/
Famous Greek Philosophers
Famous Greek Philosophers

Famous Greek Philosophers - PowerPoint Presentation

myesha-ticknor
myesha-ticknor . @myesha-ticknor
Follow
303 views | Public

Famous Greek Philosophers - Description

With a partner What is truth What is beauty What is virtue What is patriotism What is philosophy Philosophy Definition Philosophy isThe rational investigation of the truths and principles of being knowledge or conduct ID: 541778 Download Presentation

Tags :

plato

Share:

Link:

Embed:

Please download the presentation from below link :


Download Presentation - The PPT/PDF document "Famous Greek Philosophers" is the property of its rightful owner. Permission is granted to download and print the materials on this web site for personal, non-commercial use only, and to display it on your personal computer provided you do not modify the materials and that you retain all copyright notices contained in the materials. By downloading content from our website, you accept the terms of this agreement.

Presentation on theme: "Famous Greek Philosophers"— Presentation transcript

Slide1

Famous Greek PhilosophersSlide2

With a partner….

What is truth?

What is beauty?

What is

virtue?

What is patriotism?

What is

philosophy?Slide3

Philosophy

Definition: Philosophy is…“The rational investigation of the truths and principles of being, knowledge, or conduct.”

Philosophers always assume two things

The universe was made in an orderly way

People could understand these laws (orders) through reasoningSlide4

Socrates

470-399 B.C.

He left no writings. We know of him only

from

secondary

sources.

Famous question: “Do you know what you’re talking about?” reflected how he did not accept people’s teachings at face valueSlide5

Socrates, cont.

He called himself “a gadfly that stings people out of complacency.”

He insisted people give reasonable defense for their beliefs.

He said: virtue IS knowledge. Therefore, no person, knowingly, acts wickedly.Slide6

The Socratic Method

The Socratic Method asks the question “why?”

He learned by questioning.

His challenging arguments attracted many followers (Plato), but it also made enemies.Slide7

Socrates on Trial

He was put on trial in 399 B.C. for corrupting the minds of the Athenian youth.

He was sentenced to death.

His friends

(Crito) urged

him to escape, but he did not

.

Instead, he drank the poisoned hemlock that the jailer brought to him.Slide8

Socrates on Trial

Socrates made three speeches to the Athenian jury after he received his death sentence. His third speech instructed the jury (and his friends) how he wanted his sons to be raised.

Socrates asks his friends to look after his three sons and to make sure that they always put

goodness above money or other earthly trappingsSlide9

Why didn’t he flee prison!?

It would have been quite easy for Socrates to escape from prison. But he refused.

While Socrates was in jail awaiting his execution, his dear friend Crito comes to him and urges him to escape. They debate over whether it was just to flee jail—willingly breaking the laws of the state.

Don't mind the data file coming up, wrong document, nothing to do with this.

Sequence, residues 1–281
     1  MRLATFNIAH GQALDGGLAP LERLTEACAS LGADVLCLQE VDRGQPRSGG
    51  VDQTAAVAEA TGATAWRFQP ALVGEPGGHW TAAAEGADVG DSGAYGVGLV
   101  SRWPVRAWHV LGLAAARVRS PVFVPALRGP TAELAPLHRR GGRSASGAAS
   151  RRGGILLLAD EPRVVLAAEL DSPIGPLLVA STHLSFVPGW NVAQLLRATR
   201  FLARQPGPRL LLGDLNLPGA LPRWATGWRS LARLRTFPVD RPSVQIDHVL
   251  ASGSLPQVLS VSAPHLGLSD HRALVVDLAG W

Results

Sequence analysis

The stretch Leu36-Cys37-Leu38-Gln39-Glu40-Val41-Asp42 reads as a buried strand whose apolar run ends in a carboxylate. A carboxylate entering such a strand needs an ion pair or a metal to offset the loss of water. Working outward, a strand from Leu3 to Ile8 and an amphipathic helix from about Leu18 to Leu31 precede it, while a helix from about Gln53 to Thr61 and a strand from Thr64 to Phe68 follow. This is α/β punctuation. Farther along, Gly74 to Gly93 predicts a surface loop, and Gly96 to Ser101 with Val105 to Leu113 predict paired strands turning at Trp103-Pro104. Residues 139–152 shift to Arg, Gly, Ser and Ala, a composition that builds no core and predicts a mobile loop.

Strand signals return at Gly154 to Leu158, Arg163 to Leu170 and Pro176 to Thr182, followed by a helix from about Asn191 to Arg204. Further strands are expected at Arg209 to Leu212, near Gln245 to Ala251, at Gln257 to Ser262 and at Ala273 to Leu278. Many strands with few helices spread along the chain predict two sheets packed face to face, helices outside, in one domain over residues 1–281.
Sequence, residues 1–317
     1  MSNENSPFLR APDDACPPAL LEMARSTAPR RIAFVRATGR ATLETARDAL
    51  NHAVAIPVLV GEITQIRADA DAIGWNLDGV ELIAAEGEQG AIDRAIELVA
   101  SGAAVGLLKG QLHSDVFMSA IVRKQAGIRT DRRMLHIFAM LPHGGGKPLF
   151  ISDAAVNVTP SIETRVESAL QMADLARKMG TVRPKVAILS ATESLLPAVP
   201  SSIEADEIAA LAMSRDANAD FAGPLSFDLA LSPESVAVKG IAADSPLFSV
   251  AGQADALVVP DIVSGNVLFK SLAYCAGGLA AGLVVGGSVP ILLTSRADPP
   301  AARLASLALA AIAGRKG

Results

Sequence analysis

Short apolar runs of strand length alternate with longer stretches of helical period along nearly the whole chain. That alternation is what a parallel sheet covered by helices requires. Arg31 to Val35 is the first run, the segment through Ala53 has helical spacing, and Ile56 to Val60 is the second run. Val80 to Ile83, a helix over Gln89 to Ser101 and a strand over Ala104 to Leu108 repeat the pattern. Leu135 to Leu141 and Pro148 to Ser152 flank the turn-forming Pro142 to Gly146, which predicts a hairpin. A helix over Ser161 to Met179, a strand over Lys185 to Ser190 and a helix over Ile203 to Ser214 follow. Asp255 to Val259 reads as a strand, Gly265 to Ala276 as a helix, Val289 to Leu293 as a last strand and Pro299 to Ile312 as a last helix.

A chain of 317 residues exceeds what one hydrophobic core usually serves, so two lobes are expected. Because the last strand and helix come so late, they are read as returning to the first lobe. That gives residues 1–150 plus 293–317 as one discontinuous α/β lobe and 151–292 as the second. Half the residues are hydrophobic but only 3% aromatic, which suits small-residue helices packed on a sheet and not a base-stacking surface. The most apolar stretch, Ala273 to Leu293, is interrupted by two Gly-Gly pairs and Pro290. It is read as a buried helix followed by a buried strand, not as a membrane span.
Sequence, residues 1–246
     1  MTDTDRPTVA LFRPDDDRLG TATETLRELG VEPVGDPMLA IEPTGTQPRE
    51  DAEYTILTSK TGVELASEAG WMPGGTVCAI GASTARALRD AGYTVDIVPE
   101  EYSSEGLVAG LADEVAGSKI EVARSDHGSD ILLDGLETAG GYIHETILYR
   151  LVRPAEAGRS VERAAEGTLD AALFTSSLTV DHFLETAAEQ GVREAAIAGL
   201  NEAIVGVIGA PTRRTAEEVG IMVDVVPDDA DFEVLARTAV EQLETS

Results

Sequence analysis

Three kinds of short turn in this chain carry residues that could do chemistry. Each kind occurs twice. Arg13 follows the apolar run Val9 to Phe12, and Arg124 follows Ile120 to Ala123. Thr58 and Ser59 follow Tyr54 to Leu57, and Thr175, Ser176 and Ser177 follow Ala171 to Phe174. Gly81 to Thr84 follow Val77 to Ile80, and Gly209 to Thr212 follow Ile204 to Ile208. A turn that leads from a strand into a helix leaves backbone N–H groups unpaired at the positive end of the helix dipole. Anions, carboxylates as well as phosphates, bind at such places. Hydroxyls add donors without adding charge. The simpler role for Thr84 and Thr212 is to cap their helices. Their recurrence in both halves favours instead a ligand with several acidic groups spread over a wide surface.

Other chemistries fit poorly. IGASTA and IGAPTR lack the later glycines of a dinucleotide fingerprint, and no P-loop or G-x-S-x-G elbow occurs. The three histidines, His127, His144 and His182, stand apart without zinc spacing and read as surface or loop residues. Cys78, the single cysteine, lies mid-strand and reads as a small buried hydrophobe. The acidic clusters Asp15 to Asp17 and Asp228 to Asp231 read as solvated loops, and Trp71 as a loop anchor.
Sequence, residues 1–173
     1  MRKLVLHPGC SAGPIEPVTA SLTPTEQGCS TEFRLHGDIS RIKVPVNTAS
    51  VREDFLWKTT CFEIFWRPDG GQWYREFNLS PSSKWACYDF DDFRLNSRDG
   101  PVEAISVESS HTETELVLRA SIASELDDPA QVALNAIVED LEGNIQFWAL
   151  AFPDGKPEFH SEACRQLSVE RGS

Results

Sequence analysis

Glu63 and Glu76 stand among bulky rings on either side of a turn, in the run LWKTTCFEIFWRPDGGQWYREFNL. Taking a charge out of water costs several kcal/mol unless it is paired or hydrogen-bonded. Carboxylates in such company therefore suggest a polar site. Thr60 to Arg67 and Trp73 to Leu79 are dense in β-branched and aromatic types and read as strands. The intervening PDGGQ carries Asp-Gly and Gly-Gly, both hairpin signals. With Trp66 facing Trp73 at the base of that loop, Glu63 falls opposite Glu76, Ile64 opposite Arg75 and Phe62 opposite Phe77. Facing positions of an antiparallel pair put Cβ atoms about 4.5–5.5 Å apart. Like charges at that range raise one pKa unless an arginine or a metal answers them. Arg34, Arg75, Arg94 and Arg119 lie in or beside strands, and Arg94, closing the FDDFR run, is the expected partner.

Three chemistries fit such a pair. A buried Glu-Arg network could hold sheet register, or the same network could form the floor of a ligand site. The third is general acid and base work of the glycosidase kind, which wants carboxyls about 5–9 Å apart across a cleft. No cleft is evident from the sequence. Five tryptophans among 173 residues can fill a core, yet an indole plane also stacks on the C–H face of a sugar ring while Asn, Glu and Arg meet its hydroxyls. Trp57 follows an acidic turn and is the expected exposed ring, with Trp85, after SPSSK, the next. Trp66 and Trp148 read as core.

Socrates argues with Crito and concludes that instead, he should follow his sentence.

Why commit suicide?

He believed knowledge and virtue were worth pursuing whatever the cost, and he believed running away went against everything he stood for.Slide10

PLATO

437-347 BC

A pupil (student) of Socrates, he was an aristocratic Athenian who was deeply moved by Socrates’ quest for truth.

Unlike Socrates, he left behind over 25 separate works of writing.Slide11

Plato’s contributions

One of Plato’s most influential contributions to philosophy was his dualist idea of man—that man is divided into two natures.

The Physical Flesh (the whole material world): impermanent and evil

The Mind—where man is able to grasp unchanging truth. Plato believed the ultimate in reality (the “really real”) was “forms”—the objects of knowledge and reasoning.

Plato’s goal was to

acquere

as much knowledge as possible.Slide12

Plato’s Dualist theory

What do you/I agree with?

O

riginal sin

(The Physical Flesh)

Truth exists

(The Mind)What do I disagree with?Naphesh

(separate soul)

Strive to know God, not just acquire knowledgeSlide13

Plato’s Republic

One of Plato’s most famous writings was The Republic.Slide14

United States?Slide15

Republic

Three classes of people:

Philosophers (rulers/kings)

Soldiers/Warriors

Commoners

Inside the Republic, is Plato’s Allegory of a Cave, where the world around us is likened to shadows cast onto the wall of a cave.

As you can see, Plato’s Republic is critical of democracy. Plato did not trust the masses to govern.Slide16

Aristotle

384-322 BC

He entered Plato’s Academy at the age of 18.

For a short

time he tutored

Alexander the

Great

.Slide17

Aristotle was a lover of philosophy, but more importantly he also

developed:

E

mpirical biology (learning

about living things through observation

)

Theoretical

science (physics and chemistry).While Socrates and Plato focused on the inner self, Aristotle focused on explaining the physical world and human society through observation.He believed every truth followed logically from other truths.Slide18

Every truth follows from a truth..?

He developed syllogism. Which became the backbone of MODERN logic/reason.

If A=B

And B=C

Then A=C

Example:

If I am a woman

And all women are intelligentThen, I am intelligent